Peggy Grigor is a visionary through her pottery work and as president of the Chemainus Valley Cultural Arts Society.
Grigor creates wonderful pieces at her Olsen Road studio in Saltair, Pottery by Peggy. Her repertoire includes art for the garden as well as functional table and cookware.
Grigor utilizes dramatic crystalline glazes on items that can be seen and purchased at her studio in addition to the Rainforest Arts Gallery in downtown Chemainus where she works 2 1/2 days a week and also does administrative duties.
She’s remained heavily involved in the arts scene within the community and her two-year term as CVCAS president concludes at the end of January.
“I’m not going away,” she noted. “I’m just not going to be the president.”
The biggest project is spearheading the committee to bring an arts centre to town.
“We’re developing a business plan to present to the Municipality,” said Grigor. “We’re building up a powerful team who knows how to do this sort of thing.”
The Society has its eye on the former Chemainus Foods location on Willow Street for the centre. It will take time to do the fundraising to potentially purchase the building from Anthem Properties.
“We have to get the artists recognized,” Grigor conceded. “We’ve got so many artists.”
The primary motivation, she added, is “we need to get it back to where it was and be a destination for arts.”
The site brings a natural tie-in with the business community and Rainforest Arts Gallery, owned and operated by the CVCAS and staffed by volunteers.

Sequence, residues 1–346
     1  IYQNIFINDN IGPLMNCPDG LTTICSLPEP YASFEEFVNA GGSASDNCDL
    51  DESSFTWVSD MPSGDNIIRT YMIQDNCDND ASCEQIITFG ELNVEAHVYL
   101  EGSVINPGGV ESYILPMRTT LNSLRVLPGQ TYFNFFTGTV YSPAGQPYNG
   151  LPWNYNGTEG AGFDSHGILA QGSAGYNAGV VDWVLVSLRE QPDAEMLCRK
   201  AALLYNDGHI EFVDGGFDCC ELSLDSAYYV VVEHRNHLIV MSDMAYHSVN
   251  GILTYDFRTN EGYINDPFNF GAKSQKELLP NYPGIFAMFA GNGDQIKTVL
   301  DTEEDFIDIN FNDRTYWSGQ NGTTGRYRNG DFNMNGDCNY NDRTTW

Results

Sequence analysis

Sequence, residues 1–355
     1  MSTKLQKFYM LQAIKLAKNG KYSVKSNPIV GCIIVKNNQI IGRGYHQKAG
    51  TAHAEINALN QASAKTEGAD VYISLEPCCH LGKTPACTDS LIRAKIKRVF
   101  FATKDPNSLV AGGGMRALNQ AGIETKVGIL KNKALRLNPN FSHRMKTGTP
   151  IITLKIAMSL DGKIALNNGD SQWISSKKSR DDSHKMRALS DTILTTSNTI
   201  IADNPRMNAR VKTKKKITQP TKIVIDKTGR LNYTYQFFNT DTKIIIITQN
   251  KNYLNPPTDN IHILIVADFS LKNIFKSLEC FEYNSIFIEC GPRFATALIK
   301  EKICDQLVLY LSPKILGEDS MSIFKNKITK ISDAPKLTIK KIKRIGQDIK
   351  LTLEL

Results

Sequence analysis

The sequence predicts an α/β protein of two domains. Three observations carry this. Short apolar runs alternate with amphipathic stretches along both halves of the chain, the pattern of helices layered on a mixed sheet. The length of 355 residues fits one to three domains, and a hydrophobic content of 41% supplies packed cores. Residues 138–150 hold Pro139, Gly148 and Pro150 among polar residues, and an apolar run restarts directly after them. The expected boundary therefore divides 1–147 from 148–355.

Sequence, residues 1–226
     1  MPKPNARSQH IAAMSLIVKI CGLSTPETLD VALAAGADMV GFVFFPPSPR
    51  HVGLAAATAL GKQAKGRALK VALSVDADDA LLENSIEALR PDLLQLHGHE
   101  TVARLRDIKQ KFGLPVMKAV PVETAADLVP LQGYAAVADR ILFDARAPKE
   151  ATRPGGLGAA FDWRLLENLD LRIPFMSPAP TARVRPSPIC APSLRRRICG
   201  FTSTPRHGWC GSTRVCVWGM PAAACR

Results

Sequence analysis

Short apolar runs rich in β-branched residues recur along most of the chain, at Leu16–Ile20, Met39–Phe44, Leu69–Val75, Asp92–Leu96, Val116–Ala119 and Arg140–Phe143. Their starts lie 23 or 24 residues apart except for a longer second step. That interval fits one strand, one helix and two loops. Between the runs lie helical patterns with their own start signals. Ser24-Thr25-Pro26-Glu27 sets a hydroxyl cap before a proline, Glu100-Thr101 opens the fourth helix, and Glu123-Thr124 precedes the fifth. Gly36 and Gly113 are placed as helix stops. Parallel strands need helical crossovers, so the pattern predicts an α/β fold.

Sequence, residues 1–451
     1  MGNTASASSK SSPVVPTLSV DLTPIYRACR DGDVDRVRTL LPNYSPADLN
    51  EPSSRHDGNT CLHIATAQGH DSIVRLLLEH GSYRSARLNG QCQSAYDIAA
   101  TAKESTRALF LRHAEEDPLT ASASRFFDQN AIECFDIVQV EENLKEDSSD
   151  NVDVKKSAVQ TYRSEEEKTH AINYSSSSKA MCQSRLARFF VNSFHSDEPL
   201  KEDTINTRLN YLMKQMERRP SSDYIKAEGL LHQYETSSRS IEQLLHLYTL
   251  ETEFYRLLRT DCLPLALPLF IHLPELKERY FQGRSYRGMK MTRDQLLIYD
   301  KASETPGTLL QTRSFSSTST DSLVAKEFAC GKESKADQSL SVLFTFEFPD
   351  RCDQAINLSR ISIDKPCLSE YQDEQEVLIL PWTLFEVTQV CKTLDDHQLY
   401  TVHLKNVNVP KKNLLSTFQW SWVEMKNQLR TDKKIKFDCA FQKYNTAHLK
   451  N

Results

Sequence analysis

Grigor was born in Toronto and lived all over Southwestern Ontario in various cities, including Kingston and London. Her wanderlust only intensified after getting married and she lived with her husband in different parts of Ontario, Nova Scotia and Saskatchewan.
Grigor first started working professionally in clay during her time in Richmond Hill, Ont.
“I joined a potter’s guild there,” she explained. “You learned the ropes by being part of the team.”
Grigor worked in various secretarial positions over the years and as a clinical psychotherapist. She came to Saltair in 2005 and became a full-time potter.
Husband Brad is a graphic designer, with the creation of the Chemainus dollars among his claims to fame, and both have studio space within their home to do their work.
Having been here 12 years now, “I get a lot of repeat customers,” Grigor noted.
Galleries in Cowichan Bay, Tofino, Nanaimo and home base at Rainforest Arts also carry her pottery.
Many changes have occurred over the years in the pottery business, particularly in one area.
“Now, the sky’s the limit for colours,” Grigor pointed out.
“The materials are more manufactured than harvested from the ground so they’re pure and you can get better finishes, for sure.
“The basic techniques and firing haven’t changed at all. But the looks and the finishes and the durability has certainly changed throughout my career.”
Grigor does all sorts of custom orders as well at her studio, even such things as urns.
“Clay is probably the most versatile material out there,” she said. “There’s probably nothing you can’t make in clay if you have enough patience.
“I’ve never gotten tired of clay. There’s always something new to try.”
It’s still a lot about trial and error and experimenting. Grigor has utilized crystalline glazes with striking results.
“You can’t predict where the crystals will be,” she explained. “Not a lot of potters do it.”